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Where Have All the LGBT Heroes Gone?

by  in CBR Exclusives Comment
Where Have All the LGBT Heroes Gone?

Last time on IN YOUR FACE JAM, I conducted my third annual “Who Is Marvel’s Wonder Woman?” stats-fest designed to measure the strides made by the publisher’s female superheroes — and oh, the strides they’ve made! Just since 2013, Marvel has nearly tripled the amount of monthly series with female leads. Additionally in the past year “Agent Carter” became the first woman to headline a major Marvel Studios project, a “Captain Marvel” feature film was announced, and Marvel published just over 70 comics with a female hero’s name on the cover. There’s still a long way to go; “Captain Marvel” actually has to hit theaters and, yes, Marvel needs to keep greenlighting shows and movies with women in charge both in front of and behind the camera and, yes, there needs to be more merchandise featuring Black Widow — but I’m cautiously optimistic.

So while I don’t want to make this sound like a competition for “who has the worst representation,” AKA the saddest competition ever, I want to apply this train of thought — on a smaller scale — to another underrepresented group. Comparing comics released this month in 2013 to those released in 2015, Marvel has gone from having zero comics with a queer lead to one (“Loki: Agent of Asgard”). Marvel is publishing 36 solo series in March 2015, only one of which stars someone that is not a straight, cisgender person.

DC fares a little better; they had the recently canceled “Batwoman” for over three years and writer Genevieve Valentine just made Catwoman canonically bisexual. The also bisexual John Constantine has his own ongoing series and will still have a new one post-“Convergence.” DC publishes far fewer ongoings — 22 this month, by my count — and seems to keep their number of gay and/or bi leads at around three; “Batwoman” has ended and “Midnighter” is on its way.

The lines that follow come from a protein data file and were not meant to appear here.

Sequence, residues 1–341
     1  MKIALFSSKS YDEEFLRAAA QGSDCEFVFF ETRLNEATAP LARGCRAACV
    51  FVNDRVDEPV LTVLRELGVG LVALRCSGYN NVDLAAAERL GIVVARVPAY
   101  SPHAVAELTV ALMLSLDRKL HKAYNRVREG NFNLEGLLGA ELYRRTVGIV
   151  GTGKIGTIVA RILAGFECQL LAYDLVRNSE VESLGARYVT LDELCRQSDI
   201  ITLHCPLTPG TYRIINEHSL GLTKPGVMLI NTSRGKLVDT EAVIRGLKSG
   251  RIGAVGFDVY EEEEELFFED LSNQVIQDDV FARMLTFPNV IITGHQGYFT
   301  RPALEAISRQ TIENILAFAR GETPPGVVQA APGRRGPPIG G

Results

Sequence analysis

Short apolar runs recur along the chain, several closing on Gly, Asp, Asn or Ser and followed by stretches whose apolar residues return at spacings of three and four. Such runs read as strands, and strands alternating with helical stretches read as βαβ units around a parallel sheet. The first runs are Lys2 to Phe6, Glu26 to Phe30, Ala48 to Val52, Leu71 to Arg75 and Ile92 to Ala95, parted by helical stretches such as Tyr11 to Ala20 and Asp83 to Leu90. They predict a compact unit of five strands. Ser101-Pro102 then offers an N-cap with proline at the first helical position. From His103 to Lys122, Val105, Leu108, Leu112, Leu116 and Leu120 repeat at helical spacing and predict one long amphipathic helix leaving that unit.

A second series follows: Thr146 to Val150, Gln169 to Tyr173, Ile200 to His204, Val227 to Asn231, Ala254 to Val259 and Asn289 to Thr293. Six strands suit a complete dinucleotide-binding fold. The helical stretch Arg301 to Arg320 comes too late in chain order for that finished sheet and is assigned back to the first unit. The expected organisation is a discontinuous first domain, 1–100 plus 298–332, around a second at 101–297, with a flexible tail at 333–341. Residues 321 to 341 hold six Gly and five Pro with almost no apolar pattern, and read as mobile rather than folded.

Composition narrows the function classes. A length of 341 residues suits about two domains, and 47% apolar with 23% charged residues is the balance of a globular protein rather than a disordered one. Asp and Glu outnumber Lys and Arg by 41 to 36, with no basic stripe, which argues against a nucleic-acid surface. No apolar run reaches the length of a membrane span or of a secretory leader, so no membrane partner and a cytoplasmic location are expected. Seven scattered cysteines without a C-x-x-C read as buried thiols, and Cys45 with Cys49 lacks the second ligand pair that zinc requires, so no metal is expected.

Orlando Writes a “Midnighter” with “100% Lack of Fear, 100% Lack of Shame”

So… what’s the deal, Marvel? I would try to work up a “Who Is Marvel’s Batwoman?” stats-a-palooza, but we’ve just learned that Batwoman isn’t a mainstay of DC Comics, not in the way that Wonder Woman is. Everything starts with the comics, and that’s why Marvel’s lack of multiple, diverse LGBT leads is a continued head scratcher for me. Over the past five years, the company has given us over a dozen female-lead series, series with minority leads (“Miles Morales: Ultimate Spider-Man,” “All-New Ghost Rider,” “Storm,” “Deathlok”), a series with a Muslim lead (“Ms. Marvel,” who is also a woman of color) and, yes, “Loki: Agent of Asgard,” a book that portrays Loki as both genderfluid and bisexual. After seeing the incredible success of “Ms. Marvel,” I honestly don’t think Marvel is afraid of publishing anything — be it books with unconventional artists or lead characters, or series with heroes that have never held down a series or been perennially overlooked, or comics written by people that have very little in common with the Stan Lee-model people picture when they hear the phrase “comic book writer.” Marvel has been fearless when it comes to their lineup.

Where Marvel has — I assume inadvertently — shied away from giving series to queer leads, they’ve historically been a-okay with putting them in team books. Karolina Dean’s self discovery in “Runaways” back in the early ’00s was the first time I ever read LGBT content in a comic book. Peter David’s “X-Factor” had an actual gay couple — Shatterstar and Rictor — on the team for years. Marjorie Liu’s “Astonishing X-Men” had both Karma and Northstar in its cast and featured Northstar’s highly publicized wedding to his partner Kyle. Marvel also published Kieron Gillen and Jamie McKelvie’s “Young Avengers,” a book starring a nearly 100% queer — and openly so — cast. Just this year, bisexual writer James Tynion IV wrote a fantastic issue of “Amazing X-Men” dealing with teen mutant Anole’s struggle with dating — because of his mutation, not his homosexuality. This isn’t subject matter that I’m accusing Marvel of being afraid of. Heck, Mystique, Daken and Hercules have all had ongoing series at one point — even if some of those series didn’t necessarily address the leads’ bisexuality head-on. I’m actually just admitting my surprise that Marvel isn’t doing more.